The Sucker’s Kiss
Thomas Dunne/St. Martin’s: 352 pp., $23.95
The British film director Alan Parker (“The Commitments,” “Mississippi Burning”) tries his hand at fiction in this rollicking tale of a San Francisco pickpocket and his picaresque journey through early 20th century America. The cutpurse in question is Tommy Moran, an Irish kid with a droopy left eye and magic hands able to probe strangers’ pockets without detection. As Tommy describes his talent, “I could slide in and out of a sucker’s purse like melted butter.” Left a virtual orphan after the 1906 San Francisco earthquake, he zigzags back and forth across the country, landing in such archetypal settings as Rudolph Valentino’s wake, the Kentucky Derby, a Jack Dempsey fight, Niagara Falls and Coney Island. But much of “The Sucker’s Kiss” (the title alludes to an especially challenging face-to-face pickpocket maneuver) reads like a mash note to San Francisco. Parker re-creates the 1906 quake with the imagination of a brainy school kid fascinated by the rush of history.
In subsequent years (the novel takes us up to the Depression), we discover the city’s ethnic nooks and crannies: Tommy’s best friend is Sammy Liu, who works in one of his uncle’s hoodoo joints in Mah Fong Alley and grows up to be an accomplished gangster. There are the Italian households and groceries of North Beach, teeming with laughter, kids and fagioli beans. And then there’s Napa, where Tommy falls for an Italian-Armenian beauty named Effie and tries to lead a straight life amid dappled hillsides and a faltering Prohibition-era wine industry. Can he do an honest day’s work? Is there any point, when Wall Street fat cats are thieves too?
This is an entertaining, if overheated, allegory of American avarice. Capitalism is pickpocketry, sleight of hand, a ripping yarn. True to his cinematic roots, Parker juices up the message with murders, mob activity, bootlegging, crooked priests, pornography, infidelity and the like to make clear, as Tommy puts it, “what a screwed-up place America had become since Prohibition.” Parker might lack his hero’s buttery touch, but, like Tommy, he has a remarkable flair for getting away with stuff.
Garrett in Wedlock
Berkley: 304 pp., $14, paper
Garrett, the average-guy hero of Paul Mandelbaum’s affecting novel, is a minor bureaucrat in the Mayor’s Office of Neighborhood Enhancement in Baltimore. He considers himself a white-bread, heritage-free fellow, whose very features “were a kind of Americanized puree: a Cheez Whiz of a face.” Yet there’s nothing nondescript about the life he marries into when he becomes the third husband of a loving, complicated woman named May-Annlouise and stepfather to her two kids, each from a different previous spouse: Lynn is the daughter of Parni, an Indian Muslim who turns out to have had a secret wife back home; Turpin is the precocious son of Tor, a Scandinavian anthropologist and adventurer. You soon realize that May- Annlouise aches for the normalcy Garrett represents and that he strives, against discouraging odds, to keep delivering.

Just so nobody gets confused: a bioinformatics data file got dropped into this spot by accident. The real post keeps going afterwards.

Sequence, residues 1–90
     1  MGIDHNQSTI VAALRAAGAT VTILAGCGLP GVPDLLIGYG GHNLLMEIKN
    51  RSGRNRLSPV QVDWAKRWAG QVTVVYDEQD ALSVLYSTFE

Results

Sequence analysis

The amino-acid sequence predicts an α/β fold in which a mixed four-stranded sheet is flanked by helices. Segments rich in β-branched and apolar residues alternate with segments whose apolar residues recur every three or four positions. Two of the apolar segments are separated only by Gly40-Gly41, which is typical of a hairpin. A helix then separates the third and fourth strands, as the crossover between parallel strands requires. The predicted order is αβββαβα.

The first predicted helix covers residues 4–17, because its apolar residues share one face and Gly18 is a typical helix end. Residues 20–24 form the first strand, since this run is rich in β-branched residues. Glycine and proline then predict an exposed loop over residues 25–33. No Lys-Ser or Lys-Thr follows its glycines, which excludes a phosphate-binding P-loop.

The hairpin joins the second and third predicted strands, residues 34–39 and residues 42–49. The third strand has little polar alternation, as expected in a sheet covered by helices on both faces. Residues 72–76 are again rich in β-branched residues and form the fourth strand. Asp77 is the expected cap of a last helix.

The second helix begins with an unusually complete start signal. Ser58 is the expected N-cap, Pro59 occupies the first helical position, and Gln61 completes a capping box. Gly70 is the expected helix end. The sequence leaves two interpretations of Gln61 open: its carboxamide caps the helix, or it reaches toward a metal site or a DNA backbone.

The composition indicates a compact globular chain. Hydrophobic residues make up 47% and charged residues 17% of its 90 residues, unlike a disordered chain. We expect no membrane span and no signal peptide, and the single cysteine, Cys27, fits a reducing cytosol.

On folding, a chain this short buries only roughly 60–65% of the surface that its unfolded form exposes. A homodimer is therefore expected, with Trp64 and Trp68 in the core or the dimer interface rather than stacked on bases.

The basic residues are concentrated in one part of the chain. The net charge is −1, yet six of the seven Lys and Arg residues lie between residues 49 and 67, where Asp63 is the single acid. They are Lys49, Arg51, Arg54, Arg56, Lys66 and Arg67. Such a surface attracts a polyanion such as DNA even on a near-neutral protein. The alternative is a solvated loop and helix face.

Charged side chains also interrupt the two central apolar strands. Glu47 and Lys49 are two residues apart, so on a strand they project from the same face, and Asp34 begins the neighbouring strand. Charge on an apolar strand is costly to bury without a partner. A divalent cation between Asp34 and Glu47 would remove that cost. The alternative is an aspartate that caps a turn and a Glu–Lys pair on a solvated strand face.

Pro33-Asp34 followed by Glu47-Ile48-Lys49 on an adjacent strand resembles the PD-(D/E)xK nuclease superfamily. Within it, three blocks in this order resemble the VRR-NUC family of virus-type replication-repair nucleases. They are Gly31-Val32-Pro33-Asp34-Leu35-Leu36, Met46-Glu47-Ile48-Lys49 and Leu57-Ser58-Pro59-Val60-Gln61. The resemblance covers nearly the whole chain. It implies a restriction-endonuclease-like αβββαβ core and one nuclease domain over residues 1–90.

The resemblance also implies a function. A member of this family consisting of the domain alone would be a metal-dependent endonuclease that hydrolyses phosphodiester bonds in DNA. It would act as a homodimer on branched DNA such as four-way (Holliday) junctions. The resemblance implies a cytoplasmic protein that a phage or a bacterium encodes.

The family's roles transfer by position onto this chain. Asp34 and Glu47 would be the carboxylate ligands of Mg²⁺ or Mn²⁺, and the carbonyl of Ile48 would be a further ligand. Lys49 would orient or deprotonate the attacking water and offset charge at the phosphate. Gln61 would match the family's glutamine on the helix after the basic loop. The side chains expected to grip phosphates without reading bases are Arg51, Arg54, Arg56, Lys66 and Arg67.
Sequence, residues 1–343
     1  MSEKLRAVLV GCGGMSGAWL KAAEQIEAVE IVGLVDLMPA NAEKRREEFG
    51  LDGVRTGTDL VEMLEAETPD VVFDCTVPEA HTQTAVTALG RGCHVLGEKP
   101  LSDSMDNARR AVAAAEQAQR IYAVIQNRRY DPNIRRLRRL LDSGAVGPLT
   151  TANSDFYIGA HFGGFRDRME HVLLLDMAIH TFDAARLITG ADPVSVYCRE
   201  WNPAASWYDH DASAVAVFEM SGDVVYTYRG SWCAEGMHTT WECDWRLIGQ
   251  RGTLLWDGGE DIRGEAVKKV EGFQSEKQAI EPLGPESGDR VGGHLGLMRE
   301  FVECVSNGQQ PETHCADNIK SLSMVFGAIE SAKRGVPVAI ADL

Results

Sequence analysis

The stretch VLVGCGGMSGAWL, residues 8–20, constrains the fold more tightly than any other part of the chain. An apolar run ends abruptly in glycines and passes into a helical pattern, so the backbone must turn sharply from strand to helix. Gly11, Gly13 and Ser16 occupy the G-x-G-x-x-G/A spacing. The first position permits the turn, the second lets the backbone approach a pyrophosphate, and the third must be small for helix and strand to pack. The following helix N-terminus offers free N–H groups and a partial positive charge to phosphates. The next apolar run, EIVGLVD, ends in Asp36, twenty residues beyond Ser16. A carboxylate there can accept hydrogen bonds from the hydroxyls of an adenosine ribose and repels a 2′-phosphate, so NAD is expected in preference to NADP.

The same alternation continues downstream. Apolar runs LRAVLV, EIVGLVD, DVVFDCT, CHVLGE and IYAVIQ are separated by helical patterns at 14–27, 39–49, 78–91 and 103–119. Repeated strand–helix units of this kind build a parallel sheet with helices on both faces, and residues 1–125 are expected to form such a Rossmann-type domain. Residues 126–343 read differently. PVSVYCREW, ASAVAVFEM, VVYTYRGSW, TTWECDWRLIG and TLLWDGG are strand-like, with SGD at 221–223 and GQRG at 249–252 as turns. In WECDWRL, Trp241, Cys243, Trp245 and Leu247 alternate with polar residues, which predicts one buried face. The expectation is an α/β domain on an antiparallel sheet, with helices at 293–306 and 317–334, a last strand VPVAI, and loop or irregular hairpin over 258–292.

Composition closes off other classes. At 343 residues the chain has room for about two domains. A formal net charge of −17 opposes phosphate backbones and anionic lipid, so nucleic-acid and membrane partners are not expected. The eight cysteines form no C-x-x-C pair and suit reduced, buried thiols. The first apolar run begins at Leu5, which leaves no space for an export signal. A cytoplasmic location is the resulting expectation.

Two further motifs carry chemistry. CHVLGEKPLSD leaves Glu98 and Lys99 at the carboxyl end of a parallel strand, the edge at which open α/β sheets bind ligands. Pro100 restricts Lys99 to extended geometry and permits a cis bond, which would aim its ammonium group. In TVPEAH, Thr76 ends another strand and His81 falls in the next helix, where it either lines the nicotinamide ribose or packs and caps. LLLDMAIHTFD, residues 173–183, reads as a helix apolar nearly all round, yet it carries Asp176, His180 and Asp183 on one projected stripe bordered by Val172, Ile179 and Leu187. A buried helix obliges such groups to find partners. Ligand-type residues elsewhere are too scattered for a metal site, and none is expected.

It isn’t easy. Turpin adores his father, who shows up on May-Annlouise’s and Garrett’s doorstep only to announce that he’s dying of kuru, a rare neurological affliction traceable to the human brain he ate on an expedition to New Guinea. How do you compete with that? The bereft Turpin, naturally, turns to sarcasm, Ecstasy, car theft and a stunt on Lynn’s wedding day that nearly kills him. Lynn, meanwhile, goes to India to visit Parni and comes home as a Koran-quoting zealot ready to assent to an arranged marriage (which Turpin’s acrobatics -- he falls off the roof of the house -- thankfully interrupt). Amid the often hilarious domestic Sturm und Drang, Garrett and May-Annlouise cope with fertility therapy, yoga classes gone awry, Turpin’s convalescence, Turpin’s halfhearted affair with a workmate, and Lynn’s menstrual performance art. (She apparently abandons Mohammed in favor of Karen Finley.) This is a fittingly complex portrait of a family that, in its branching byways, resembles what families really are. As a title, “Garrett in Wedlock” reflects Mandelbaum’s crafty, affectionate irony; Garrett may well have gotten himself locked in, but marriage is no straitjacket.
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